Jason Dean’s (previously) latest print appears to depict a quaint little town, but flip out the lights and a slick glow-in-the-dark treatment reveals a city crawling with criminals, arsonists, prostitutes and, yes, zombies. This is a hand-pulled 9-color screen print including two different layers of phosphorescent inks printed on 100 lb. white stock, signed and numbered in an edition of only 60. See more images and pick one up for yourself here. (thnx, jason!)
For the past few months Atelier Olschinsky (previously) has been cranking out these stunning illustrations which he titles, simply, Cities and Plants. The complex hybrid of digital illustration and architecture is stunning, and several are available as fine art prints. Head over to Behance to take a deep dive, there are literally dozens of them.
These two animations by Johan Rijpma are unlike anything I’ve ever seen. In the first he organizes the photographs of thousands of street tiles to create the semblance of motion. In the second involving rolls of scotch tape — seriously? Is this even possible? Just watch. (via vimeo)
I’m enjoying these slick minimalist public transportation maps available at TRNSPRTNATION. Each train route is comprised of a long, repeated list of the station stops from that line. Only $25. They have maps available for Chicago, New York, London, San Francisco, Boston, and Washington D.C. (thnx, ryan!)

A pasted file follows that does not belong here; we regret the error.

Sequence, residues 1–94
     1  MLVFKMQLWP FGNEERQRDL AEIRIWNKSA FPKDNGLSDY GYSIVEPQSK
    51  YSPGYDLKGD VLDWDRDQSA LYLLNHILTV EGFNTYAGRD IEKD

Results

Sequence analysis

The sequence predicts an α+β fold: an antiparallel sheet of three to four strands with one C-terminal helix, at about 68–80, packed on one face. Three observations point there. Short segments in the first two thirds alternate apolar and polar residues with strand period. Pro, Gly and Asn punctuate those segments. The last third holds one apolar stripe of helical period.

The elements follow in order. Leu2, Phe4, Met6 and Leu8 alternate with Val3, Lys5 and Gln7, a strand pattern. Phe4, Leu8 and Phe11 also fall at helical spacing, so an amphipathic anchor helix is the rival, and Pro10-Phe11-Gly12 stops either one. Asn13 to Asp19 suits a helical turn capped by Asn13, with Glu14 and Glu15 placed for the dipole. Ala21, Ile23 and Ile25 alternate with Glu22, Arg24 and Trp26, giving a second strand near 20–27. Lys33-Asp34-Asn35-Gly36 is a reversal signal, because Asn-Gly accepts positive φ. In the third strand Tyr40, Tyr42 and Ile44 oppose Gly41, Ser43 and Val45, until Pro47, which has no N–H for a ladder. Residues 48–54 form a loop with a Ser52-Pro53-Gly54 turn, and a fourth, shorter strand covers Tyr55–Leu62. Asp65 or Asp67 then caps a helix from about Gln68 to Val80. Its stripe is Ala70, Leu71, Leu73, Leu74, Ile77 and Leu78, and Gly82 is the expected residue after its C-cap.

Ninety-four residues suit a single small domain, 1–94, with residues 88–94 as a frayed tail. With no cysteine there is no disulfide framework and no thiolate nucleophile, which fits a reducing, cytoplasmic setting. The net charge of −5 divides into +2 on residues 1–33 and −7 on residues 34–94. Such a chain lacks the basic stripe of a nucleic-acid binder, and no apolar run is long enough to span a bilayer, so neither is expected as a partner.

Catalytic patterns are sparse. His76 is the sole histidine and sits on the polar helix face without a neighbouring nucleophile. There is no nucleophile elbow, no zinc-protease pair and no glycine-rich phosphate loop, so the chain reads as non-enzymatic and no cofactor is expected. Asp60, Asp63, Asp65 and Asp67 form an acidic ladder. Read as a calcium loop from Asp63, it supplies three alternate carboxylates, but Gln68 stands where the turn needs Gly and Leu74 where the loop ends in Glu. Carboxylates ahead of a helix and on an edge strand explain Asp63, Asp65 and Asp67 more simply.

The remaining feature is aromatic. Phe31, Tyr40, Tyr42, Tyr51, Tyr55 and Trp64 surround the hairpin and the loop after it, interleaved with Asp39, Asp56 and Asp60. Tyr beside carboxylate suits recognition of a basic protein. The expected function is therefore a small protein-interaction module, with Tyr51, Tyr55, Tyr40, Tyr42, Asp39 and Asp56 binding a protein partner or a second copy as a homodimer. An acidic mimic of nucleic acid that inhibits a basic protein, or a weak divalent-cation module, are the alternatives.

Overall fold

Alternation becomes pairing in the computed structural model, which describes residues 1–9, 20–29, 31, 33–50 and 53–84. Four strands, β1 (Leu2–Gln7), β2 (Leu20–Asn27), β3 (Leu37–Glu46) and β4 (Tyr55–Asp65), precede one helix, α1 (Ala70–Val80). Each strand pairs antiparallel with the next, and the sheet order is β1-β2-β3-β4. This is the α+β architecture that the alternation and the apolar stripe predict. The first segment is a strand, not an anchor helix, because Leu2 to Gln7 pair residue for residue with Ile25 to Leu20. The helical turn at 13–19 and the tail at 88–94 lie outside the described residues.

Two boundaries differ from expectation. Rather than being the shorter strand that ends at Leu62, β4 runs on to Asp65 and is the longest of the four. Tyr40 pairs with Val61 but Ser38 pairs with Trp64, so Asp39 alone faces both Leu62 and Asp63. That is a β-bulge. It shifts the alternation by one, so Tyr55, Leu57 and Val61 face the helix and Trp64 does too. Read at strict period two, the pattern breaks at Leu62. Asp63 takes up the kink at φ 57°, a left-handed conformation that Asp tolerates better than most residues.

New work from Cleveland-based artist Amy Casey who paints delicate networks of roped and towering cityscapes. Casey currently has a show at Zg Gallery in Chicago through August 6. I definitely intend on stopping by. You can see much larger and detailed versions of these paintings here. (via new american paintings)
Using time-lapse footage of the Chicago skyline shot over several years Craig Shimala (previously) has created another one of his superb mirrored videos. It’s fascinating how this simple editing trick turns the cold city skyline into a hovering, monolithic spacecraft.
Cradle is a sculpture installed on the exterior wall of a parking lot in Santa Monica, California by Ball-Nogues Studio, originally designed by Frank Gehry.
An aggregation of mirror polished stainless steel spheres, the sculpture functions structurally like an enormous Newton’s Cradle – the ubiquitous toy found on the desktops of corporate executives in Hollywood films. Each ball is suspended by a cable from a point on the wall and locked in position by a combination of gravity and neighboring balls. The whole array reflects distorted images of passersby.